February 7, 2011 by Jeff Hurt
Image by WorldIslandInfo.com.
If we wanted to create an education environment that is directly opposed to what the brain is good at doing, we would design something like today’s conference lectures.
Listening to a 45-, 60- or 90-minute lecture floods the working memory with information. We can’t store everything we hear in our memory.
So, how can the brain’s memory know what we’ll need to remember later?
If the brain gambled, it would lay its bets like this: if you think about something carefully, you will probably have to think about it again, so it should be stored. And the brain typically wins its bets with what is stored.
So your memory is not a product of what you try to remember. It’s a product of what you think about.
Memory is the deposit of thought.
And thinking is work!
Listening to a lecture is not work because the brain doesn’t have to think. The brain can opt-out.
We’ve all become very skilled at looking like we are listening, when actually we aren’t. Many of us use selective listening with our spouses or kids. We look like we are paying attention but our minds are not even in the room.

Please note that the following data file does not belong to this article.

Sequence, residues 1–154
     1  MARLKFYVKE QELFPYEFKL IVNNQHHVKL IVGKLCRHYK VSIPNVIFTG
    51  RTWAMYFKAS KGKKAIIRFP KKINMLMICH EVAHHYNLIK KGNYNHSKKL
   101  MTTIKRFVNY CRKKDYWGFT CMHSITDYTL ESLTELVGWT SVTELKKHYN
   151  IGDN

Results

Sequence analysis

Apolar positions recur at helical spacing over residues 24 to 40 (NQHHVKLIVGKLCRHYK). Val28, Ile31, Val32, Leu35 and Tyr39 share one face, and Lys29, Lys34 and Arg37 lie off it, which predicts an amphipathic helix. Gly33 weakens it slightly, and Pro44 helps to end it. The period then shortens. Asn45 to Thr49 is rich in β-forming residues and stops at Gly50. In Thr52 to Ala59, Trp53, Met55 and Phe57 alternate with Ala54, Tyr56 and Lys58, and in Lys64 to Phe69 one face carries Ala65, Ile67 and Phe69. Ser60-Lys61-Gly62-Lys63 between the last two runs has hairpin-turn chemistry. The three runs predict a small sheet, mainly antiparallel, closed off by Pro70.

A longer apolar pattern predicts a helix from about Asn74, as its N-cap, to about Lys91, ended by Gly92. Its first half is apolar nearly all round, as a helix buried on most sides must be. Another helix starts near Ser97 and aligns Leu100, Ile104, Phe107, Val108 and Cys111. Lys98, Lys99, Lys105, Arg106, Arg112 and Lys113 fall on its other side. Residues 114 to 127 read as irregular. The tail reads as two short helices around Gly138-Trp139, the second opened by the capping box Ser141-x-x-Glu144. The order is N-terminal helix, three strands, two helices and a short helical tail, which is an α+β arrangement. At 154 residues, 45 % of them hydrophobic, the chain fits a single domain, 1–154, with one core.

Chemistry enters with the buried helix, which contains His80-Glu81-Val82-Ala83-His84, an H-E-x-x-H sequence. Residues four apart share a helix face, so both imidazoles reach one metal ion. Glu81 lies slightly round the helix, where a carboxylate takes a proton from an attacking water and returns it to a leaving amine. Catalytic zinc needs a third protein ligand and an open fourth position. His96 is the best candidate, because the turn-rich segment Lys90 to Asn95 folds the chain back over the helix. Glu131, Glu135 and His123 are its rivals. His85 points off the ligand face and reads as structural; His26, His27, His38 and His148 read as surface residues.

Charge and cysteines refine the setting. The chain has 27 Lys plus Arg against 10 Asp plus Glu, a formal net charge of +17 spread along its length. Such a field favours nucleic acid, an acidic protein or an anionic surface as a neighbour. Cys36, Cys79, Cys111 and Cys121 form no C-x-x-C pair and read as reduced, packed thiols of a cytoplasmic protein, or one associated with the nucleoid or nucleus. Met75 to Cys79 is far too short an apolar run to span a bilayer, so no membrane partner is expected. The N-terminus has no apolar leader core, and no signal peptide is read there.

This is especially true of a conference lecture. We become conference camouflaged listeners faking our attention. While everyone is sitting facing the front with their eyes forward, it does not mean they are listening. Or thinking. More than likely, they are thinking about something else.
Yet, lectures are the primary way conferences deliver information. And panels are nothing but multiplied monologues.
For material to be learned, to end up in the long-term memory, it must reside for some time in the working memory. The attendee must pay attention to it and pull meaning from it.
For conference education to be effective, speakers need to design presentations that will ensure attendees think about the meaning of the material.
One of the best ways to get attendees to think is to have them stop and discuss the concept being presented. Intersperse lecturing with peer discussion.
Ask attendee to think about the following: What is the meaning of the content being shared? How can they put it into practice? What is the result if they apply the information in their job?
Start with the meaning and big picture first. Then move to the details. Tell the attendees what they should remember and why.
Psychologists say that the human mind is remarkably tuned to understand and remember stories. The stories’ meaning is treated differently in memory than other information. So include them in lectures and presentations.
Boring lectures create bored attendees. Create content and visuals that will cause the brain to sit up and take notice. Use attention grabbers throughout the entire lecture, not just at the beginning.
Why are so many people willing to pay a fee and sit passively through a lecture without learning anything? How can we help attendees move from, “I don’t want to talk to anyone,” to “Ok, let’s discuss?”
Filed Under: Conference Education
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